Lai Ching-te aims to strengthen Taiwan but maintain the status quo | World News - Hindustan Times
close_game
close_game

Lai Ching-te aims to strengthen Taiwan but maintain the status quo

The Economist
May 27, 2024 08:00 AM IST

It’s already proving tough

THOUSANDS GATHERED in front of Taipei’s presidential office on May 20th to celebrate the inauguration of William Lai Ching-te, Taiwan’s fifth democratically elected president. Among them were 400 supporters from his hometown, Wanli. “Everyone is very proud,” said one of them, Chen Kuo-lung. In the past, the small fishing community on Taiwan’s north coast was known only for its tasty crabs. “Now we’ve also produced a president,” boasted Mr Chen, adding that China has suppressed Taiwan to make it momowuwen, “obscure and unknown”, as Wanli used to be. He hopes Mr Lai can do for Taiwan’s profile globally what he has done for Wanli’s at home.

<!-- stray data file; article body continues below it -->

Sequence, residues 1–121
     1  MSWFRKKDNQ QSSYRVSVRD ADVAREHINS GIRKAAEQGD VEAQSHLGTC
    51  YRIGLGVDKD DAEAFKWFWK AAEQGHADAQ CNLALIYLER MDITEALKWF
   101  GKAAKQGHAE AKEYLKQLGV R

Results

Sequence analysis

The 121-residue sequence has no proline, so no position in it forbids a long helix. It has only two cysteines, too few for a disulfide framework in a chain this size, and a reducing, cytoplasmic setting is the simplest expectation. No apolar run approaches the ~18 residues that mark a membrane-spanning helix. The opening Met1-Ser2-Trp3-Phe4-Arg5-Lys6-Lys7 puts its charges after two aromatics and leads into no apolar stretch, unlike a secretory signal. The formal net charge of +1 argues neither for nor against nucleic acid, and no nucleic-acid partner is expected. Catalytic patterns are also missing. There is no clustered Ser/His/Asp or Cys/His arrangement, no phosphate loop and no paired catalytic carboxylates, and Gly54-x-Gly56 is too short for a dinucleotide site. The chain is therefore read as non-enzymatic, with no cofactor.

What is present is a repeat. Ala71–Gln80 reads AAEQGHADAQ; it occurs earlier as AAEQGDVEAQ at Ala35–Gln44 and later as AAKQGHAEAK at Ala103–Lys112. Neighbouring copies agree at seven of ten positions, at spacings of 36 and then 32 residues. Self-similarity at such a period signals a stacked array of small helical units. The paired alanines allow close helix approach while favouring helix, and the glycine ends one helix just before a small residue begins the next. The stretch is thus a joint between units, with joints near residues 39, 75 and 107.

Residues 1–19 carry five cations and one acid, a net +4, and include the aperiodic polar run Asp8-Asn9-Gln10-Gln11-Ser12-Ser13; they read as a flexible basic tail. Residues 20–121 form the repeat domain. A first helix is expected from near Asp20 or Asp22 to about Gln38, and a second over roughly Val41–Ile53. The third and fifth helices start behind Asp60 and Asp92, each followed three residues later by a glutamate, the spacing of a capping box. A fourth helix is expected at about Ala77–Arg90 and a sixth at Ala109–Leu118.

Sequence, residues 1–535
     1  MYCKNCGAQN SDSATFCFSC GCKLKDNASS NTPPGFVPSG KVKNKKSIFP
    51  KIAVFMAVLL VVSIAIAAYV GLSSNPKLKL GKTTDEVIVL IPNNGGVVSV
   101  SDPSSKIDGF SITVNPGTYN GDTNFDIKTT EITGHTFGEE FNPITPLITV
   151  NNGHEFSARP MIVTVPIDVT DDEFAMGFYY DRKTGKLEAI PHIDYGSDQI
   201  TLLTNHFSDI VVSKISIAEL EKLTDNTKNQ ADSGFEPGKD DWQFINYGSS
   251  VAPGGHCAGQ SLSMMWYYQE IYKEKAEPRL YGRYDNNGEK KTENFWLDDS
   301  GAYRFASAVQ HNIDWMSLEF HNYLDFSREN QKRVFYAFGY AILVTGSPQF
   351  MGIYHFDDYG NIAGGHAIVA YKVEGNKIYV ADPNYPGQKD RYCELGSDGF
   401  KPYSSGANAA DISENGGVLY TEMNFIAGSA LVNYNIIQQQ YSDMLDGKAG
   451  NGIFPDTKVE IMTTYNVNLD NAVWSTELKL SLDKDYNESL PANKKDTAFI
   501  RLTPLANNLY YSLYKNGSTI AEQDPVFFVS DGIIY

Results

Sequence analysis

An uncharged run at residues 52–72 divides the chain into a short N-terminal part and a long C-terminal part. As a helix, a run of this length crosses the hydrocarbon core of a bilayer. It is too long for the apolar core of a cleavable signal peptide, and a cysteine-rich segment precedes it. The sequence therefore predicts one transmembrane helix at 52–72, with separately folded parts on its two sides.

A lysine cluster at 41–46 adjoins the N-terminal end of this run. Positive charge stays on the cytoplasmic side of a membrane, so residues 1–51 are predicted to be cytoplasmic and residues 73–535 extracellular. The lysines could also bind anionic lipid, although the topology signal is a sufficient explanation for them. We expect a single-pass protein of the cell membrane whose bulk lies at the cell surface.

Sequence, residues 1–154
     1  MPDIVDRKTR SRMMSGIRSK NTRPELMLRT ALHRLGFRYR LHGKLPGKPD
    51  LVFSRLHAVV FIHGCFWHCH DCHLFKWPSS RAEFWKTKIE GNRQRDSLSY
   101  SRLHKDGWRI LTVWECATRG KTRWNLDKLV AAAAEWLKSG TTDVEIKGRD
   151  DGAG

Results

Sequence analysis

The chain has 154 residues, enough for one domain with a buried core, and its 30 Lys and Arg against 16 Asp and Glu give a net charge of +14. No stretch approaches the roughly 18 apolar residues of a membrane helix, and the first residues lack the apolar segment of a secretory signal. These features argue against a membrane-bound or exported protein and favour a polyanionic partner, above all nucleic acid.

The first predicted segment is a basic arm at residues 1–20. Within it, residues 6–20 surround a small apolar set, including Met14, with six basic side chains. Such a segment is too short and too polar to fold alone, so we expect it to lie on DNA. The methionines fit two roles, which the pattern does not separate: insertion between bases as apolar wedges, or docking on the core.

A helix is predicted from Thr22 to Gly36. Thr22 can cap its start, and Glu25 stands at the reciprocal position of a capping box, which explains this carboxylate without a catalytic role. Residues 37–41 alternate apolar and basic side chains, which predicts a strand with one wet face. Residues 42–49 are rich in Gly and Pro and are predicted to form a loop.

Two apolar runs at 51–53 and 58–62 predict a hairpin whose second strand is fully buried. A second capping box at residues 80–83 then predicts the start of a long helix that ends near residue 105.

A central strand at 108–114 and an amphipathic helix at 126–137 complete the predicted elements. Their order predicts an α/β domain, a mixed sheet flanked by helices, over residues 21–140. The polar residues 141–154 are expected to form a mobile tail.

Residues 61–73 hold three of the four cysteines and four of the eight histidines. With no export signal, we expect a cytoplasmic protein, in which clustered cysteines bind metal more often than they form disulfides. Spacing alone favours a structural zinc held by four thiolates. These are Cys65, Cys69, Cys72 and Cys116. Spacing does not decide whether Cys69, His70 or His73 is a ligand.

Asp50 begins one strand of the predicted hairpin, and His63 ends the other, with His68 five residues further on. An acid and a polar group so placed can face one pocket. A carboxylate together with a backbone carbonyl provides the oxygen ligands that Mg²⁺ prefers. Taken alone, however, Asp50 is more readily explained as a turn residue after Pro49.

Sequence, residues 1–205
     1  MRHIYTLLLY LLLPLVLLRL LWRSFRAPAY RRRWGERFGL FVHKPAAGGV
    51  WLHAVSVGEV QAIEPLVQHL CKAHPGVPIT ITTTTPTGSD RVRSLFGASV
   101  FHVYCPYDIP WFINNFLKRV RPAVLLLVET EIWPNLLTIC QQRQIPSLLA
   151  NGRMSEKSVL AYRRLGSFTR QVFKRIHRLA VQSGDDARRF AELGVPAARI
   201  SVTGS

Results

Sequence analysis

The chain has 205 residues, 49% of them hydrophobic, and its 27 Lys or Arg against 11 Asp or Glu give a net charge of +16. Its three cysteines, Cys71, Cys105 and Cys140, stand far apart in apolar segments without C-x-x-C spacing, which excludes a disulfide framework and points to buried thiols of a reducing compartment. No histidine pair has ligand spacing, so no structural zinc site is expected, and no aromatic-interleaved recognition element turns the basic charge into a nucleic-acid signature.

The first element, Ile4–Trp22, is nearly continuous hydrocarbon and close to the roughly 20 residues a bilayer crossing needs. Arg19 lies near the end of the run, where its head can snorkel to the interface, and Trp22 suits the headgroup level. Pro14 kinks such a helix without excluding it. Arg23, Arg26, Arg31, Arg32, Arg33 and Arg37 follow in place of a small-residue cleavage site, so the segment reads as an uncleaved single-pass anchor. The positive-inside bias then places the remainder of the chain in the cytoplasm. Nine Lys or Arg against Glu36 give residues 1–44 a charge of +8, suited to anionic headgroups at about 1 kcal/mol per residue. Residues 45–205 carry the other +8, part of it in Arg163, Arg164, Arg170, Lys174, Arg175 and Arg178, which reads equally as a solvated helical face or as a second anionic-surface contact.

FILE PHOTO: Taiwan President Lai Ching-te makes a speech during his visit to a military camp in Taoyuan, Taiwan May 23, 2024. REUTERS/Ann Wang/File Photo(REUTERS) PREMIUM
FILE PHOTO: Taiwan President Lai Ching-te makes a speech during his visit to a military camp in Taoyuan, Taiwan May 23, 2024. REUTERS/Ann Wang/File Photo(REUTERS)